The report makes a range of targeted recommendations including:
- the care system must be de-stigmatised and viewed as a positive form of family support
- the Department for Education needs to strengthen care planning guidance to ensure there are fewer failed family reunifications
- foster carers should receive mental health training
- local authorities need to make respite support and placement support workers to fosters carers on request
- the Department for Education should make mental health assessments of children entering care mandatory, using a standardised multi-disciplinary measure
Taking children into care
Following on from evidence given to the House of Commons Children, Schools and Families committee and an article for the Institute for Public Policy Research, Martin Narey, Chief Executive of Barnardo’s, provoked a public debate when in an interview with the Observer newspaper in September 2009, he questioned the orthodoxy of ‘birth family is always best’.
- We can and should try to fix families and we often succeed. But we should not persist where experience tells us that the prospects of success are bleak.
- When in care, fostering should be the first and will be the best option for most children. But we should not repeatedly expose children to one placement after another. Stability is vital and for some children that will be best delivered through high quality residential care.
- The best outcome for children however, when we are very clear that a baby cannot be adequately cared for is early adoption and we need to be braver about taking those decisions and effecting the adoption swiftly.
Failed by the system
Failed by the System - published by Barnardo’s in 2006 - reported on the educational experiences of children in care.
We surveyed 66 young people aged between 16 and 21 who had been in care and were supported by Barnardo’s Leaving Care projects.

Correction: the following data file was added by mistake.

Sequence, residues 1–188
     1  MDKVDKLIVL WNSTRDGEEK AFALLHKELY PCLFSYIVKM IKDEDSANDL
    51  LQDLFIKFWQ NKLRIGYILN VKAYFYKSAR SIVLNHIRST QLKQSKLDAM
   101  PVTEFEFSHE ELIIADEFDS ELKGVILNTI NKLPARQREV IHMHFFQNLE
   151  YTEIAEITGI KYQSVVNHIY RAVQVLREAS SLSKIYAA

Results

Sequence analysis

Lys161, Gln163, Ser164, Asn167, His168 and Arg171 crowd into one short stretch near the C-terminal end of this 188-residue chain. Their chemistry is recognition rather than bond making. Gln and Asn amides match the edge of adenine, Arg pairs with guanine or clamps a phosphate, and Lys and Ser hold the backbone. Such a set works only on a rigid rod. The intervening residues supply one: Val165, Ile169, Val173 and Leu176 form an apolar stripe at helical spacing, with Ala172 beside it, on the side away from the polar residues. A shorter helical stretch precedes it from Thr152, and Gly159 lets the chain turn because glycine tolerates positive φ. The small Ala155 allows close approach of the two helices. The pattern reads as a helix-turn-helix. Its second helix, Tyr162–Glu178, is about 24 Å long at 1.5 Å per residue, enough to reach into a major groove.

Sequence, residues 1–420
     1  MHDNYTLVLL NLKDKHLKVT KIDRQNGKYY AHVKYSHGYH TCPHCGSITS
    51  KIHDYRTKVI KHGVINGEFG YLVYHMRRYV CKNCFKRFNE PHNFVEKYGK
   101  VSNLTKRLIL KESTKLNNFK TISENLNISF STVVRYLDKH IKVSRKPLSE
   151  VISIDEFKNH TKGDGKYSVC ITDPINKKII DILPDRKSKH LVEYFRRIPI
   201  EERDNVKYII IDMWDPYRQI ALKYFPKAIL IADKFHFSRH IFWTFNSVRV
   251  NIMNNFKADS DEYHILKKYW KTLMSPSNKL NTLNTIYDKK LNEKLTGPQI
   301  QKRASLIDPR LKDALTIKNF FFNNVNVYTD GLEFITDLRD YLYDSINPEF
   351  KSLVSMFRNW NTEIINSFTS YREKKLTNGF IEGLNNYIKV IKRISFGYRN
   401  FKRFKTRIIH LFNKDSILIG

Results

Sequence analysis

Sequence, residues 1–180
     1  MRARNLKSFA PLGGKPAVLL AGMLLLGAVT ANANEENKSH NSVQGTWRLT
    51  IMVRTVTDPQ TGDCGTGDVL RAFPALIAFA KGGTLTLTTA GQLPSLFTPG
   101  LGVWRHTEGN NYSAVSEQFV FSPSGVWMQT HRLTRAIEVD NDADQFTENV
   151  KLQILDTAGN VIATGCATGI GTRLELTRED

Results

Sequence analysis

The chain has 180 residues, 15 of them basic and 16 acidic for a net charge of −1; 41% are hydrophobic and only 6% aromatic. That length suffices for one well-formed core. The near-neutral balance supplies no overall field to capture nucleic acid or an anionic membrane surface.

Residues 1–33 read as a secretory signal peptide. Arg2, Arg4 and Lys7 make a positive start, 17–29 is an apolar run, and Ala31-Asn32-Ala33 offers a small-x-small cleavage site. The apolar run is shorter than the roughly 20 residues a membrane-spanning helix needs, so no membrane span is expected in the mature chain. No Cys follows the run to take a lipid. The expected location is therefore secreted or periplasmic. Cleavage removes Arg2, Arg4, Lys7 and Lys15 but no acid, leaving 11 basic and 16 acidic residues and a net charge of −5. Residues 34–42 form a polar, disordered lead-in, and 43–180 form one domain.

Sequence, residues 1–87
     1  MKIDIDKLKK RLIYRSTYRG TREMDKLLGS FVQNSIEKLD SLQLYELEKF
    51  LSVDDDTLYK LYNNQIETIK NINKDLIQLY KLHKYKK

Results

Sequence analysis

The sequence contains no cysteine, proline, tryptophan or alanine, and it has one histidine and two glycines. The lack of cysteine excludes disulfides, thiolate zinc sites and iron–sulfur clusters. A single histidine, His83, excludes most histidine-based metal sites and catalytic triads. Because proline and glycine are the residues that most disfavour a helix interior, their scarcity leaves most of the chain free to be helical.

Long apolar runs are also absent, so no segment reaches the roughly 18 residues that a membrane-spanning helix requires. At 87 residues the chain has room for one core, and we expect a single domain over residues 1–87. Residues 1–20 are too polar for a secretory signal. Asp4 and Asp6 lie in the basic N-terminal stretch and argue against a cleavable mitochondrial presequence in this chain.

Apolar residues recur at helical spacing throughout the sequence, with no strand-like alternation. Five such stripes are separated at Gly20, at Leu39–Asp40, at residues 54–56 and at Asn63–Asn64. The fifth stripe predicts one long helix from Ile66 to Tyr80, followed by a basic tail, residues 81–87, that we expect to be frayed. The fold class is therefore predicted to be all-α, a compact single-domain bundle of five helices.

The results revealed a range of negative educational outcomes for these children:
- 79% had no GCSEs on leaving school
- half had been in more than 4 care placements
- they were much more likely to have been bullied and been excluded from school
- they were and less likely to have someone attend a parent’s evening than children who were not looked after.
The report called for changes in schools, local authority children’s services and government to address the poor educational outcomes for children in care, including:
- a statutory requirement to have a designated teacher for looked after children in each school, and that all teachers receive basic training in the care system
- a requirement to maintain placements for children at the same school unless it is completely untenable due to distance, and to not change placements during GCSE years
- children’s services plans should have a requirement to address how agencies work together to support children in care and improves their educational experiences and outcomes
- looked after children should be consulted in decisions regarding their education, and this should form part of the statutory review process
- the Government should research practice in the best performing authorities and ensure that learning is applied by all authorities
- A level results and university entrance by children in care should be monitored and there should be a statutory requirement for all universities to support care leavers
- annual statistics and targets for school exclusions should include those for children in care.
Download the full report (PDF).
The government has taken forward many of these proposals in its recent implementation of the Care Matters reform programme.
For more information on Barnardo’s policy work on looked after children please email Louise Bamfield, Assistant Director of Policy.